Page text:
McGraw-Hill/Irwin © 2005 The McGraw-Hill Companies, Inc., All Rights Reserved. C5-26 FIGHTING UNION CORRUPTION: THE LANDRUM- GRIFFIN ACT In response to perceived widespread union corruption and lack of internal union democracy, Congress passed the Landrum-Griffin Act (1959). Act also known as Labor Management Reporting Act (LMRA). Created a Bill of Rights for union members with free speech and voting rights Sought to prevent union corruption through financial disclosure requirements, election standards, and various limitations Also some small amendments to the NLRA Further restricts secondary boycotts Outlaws hot cargo agreements
McGraw-Hill/Irwin © 2005 The McGraw-Hill Companies, Inc., All Rights Reserved. C5-27 EXTENSIONS TO GOVERNMENT EMPLOYEES: PUBLIC SECTOR LAW The NLRA excludes government workers so public sector labor law has 51 separate jurisdictions. Federal sector: protections date back to 1962 and were codified with the passage of the Civil Service Reform Act (1978). “the NLRA framework without the right to strike” State and local sector: laws started with Wisconsin in 1959 Where present, “the NLRA framework usually without the right to strike” Union membership in the public sector has increased from less than 1 million in 1960 to over 7 million in 2000.
McGraw-Hill/Irwin © 2005 The McGraw-Hill Companies, Inc., All Rights Reserved. C5-28 CIVIL SERVICE REFORM ACT INSET BOX 5.19
McGraw-Hill/Irwin © 2005 The McGraw-Hill Companies, Inc., All Rights Reserved. C5-29 FOUR TYPES OF PUBLIC SECTOR LAW INSERT BOX 5.20
McGraw-Hill/Irwin © 2005 The McGraw-Hill Companies, Inc., All Rights Reserved. C5-30 LABOR LAW IN PRACTICE: NLRB DECISIONS AND REFORM There are two components that comprise today’s labor laws: Statutes - U.S. labor laws written in 1935 and 1947. Accumulated case law - Developed through NLRB and decisions and precedents. Many NLRB and court decisions are so important that they have become part of everyday labor relations jargon: Weingarten Rights, Wright Line Test. NLRB case law enables the law to: Accommodate new situations that were not present in 1935 and 1947. Balance property right s and labor rights in a changing environment.
McGraw-Hill/Irwin © 2005 The McGraw-Hill Companies, Inc., All Rights Reserved. C5-31 LABOR LAW IN PRACTICE: NLRB DECISIONS AND REFORM Current NLRB framework for adjudicating U.S. labor law is not without critics: Major Political influences on NLRB decisions. NLRB lacks sufficient remedial power (punitive damages). The NLRA has also been called into questions. Unions favor: Expanding coverage to supervisors. Streamlining the certification process. Banning use of permanent strike replacements. Some favor replacing the NLRA Others argue that the assumptions of the NLRA, especially the sharp divide between labor and management, no longer matches the 21 st century workplace.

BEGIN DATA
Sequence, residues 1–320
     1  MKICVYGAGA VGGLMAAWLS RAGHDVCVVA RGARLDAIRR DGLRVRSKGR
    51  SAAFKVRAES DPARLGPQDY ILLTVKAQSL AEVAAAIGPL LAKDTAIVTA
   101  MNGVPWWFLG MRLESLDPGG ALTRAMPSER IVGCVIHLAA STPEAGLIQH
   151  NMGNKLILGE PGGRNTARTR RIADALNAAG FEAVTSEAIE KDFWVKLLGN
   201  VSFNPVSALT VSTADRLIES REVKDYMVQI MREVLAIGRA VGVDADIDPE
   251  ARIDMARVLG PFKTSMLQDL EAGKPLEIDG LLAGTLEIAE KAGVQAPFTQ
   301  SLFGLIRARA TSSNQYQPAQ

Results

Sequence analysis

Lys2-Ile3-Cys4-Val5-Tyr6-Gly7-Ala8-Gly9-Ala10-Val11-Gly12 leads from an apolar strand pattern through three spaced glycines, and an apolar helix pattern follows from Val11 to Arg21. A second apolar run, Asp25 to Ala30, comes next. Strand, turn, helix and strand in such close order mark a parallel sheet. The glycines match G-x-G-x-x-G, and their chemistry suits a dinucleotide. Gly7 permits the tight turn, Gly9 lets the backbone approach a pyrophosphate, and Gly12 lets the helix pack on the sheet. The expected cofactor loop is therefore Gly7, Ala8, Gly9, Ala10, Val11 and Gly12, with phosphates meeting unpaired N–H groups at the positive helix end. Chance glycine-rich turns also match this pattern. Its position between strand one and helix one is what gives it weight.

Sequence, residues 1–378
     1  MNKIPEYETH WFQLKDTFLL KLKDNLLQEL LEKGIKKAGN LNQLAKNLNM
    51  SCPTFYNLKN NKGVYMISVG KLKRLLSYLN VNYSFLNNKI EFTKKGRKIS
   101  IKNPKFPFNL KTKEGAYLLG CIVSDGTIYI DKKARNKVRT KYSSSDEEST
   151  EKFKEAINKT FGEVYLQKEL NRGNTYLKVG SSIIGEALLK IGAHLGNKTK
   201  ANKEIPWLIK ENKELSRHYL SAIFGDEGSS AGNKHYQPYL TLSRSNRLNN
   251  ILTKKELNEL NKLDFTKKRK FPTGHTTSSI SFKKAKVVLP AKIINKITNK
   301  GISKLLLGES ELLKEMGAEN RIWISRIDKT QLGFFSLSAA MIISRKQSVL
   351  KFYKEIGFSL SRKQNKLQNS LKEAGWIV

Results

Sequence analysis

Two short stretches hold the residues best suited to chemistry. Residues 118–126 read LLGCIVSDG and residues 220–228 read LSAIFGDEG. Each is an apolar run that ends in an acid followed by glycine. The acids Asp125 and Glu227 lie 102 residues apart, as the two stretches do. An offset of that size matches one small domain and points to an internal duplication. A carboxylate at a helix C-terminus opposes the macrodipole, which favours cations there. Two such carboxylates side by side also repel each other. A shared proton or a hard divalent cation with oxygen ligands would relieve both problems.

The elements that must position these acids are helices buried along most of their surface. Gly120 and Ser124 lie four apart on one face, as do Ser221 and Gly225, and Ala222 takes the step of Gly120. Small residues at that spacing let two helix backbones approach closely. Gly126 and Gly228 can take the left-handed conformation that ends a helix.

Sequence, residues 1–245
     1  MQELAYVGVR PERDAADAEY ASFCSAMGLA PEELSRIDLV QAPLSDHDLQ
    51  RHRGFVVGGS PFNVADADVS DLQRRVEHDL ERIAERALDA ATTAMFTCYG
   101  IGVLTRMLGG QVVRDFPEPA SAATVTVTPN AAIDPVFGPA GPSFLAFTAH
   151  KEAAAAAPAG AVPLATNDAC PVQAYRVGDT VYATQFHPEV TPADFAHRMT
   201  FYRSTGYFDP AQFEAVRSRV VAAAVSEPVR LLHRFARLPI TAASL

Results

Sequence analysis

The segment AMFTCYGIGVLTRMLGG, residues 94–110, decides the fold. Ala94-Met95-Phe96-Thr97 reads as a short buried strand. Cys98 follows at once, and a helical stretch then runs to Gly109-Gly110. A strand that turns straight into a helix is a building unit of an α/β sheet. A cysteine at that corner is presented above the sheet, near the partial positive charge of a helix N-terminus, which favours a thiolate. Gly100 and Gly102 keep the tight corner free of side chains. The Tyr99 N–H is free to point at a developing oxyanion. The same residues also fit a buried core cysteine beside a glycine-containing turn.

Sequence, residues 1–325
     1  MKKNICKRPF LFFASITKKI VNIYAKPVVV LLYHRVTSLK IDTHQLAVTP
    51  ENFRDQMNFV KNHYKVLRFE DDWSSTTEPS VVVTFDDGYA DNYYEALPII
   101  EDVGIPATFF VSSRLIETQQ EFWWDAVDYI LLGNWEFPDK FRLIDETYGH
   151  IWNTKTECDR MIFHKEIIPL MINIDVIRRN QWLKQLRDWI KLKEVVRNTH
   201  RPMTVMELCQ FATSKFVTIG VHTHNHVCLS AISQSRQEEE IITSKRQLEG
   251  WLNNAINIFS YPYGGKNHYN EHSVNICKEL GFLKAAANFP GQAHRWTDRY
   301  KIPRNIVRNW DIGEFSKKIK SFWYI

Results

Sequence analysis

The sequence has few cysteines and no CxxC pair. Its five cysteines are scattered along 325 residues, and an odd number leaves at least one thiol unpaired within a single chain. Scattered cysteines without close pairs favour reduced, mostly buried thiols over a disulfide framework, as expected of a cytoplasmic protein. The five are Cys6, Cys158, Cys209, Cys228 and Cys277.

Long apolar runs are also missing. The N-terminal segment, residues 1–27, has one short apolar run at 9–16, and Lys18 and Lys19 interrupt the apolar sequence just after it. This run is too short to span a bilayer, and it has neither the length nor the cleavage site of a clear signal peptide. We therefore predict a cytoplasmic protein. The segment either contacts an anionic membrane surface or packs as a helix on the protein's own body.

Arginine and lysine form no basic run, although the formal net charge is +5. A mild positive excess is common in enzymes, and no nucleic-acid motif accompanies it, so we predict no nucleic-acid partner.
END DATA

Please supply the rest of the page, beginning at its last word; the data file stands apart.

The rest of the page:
McGraw-Hill/Irwin © 2005 The McGraw-Hill Companies, Inc., All Rights Reserved. C5-32 POSTCRIPT: THE RISE OF EMPLOYMENT LAW Labor law focuses on workers’ collective actions After the 1960s, private sector law received little attention by lawmakers, while employment law exploded Employment law focuses individual employment rights. First, social insurance (workers comp, unemployment insurance, social security) and protective employment standards (minimum wage, maximum hours and child labor restraints) in the 1930s Second, restrictions on employment-at-will starting in the 1960s
McGraw-Hill/Irwin © 2005 The McGraw-Hill Companies, Inc., All Rights Reserved. C5-33 POSTCRIPT: THE RISE OF EMPLOYMENT LAW Consistent with the Civil Rights movement, many of the post-1960 employment laws target discriminatory employment practices. Equal Pay Act (1963) Civil Right Act 1964) Age Discrimination in Employment Act (1967) Americans With Disabilities Act (1990) Civil Rights Act (1991) Other employment laws provide or mandated employment conditions beyond wages the FLSA: OSHA (1970); ERISA (1974); WARN, (1989); FMLA, (1993).
McGraw-Hill/Irwin © 2005 The McGraw-Hill Companies, Inc., All Rights Reserved. C5-34 POSTCRIPT: THE RISE OF EMPLOYMENT LAW Does employment law provide nonunion workers with sufficient levels of equity and voice? By some accounts, employment law has rendered unions obsolete by providing basic protections. The rise of employment law may therefore underlie the long-term decline in labor density. On the other hand, some observers feel that the exceptions to the employment at-will doctrine are limited and do not amount to broad protections against unfair dismissal for nonunion workers. Whether this narrowness of employment law is evaluated as sufficient for the 21 st century employment relationship (as in the neoclassical economics and human resources management schools of thought) or not (as in the industrial relation and critical industrial relations schools of thought) has important ramifications for the future of labor unions.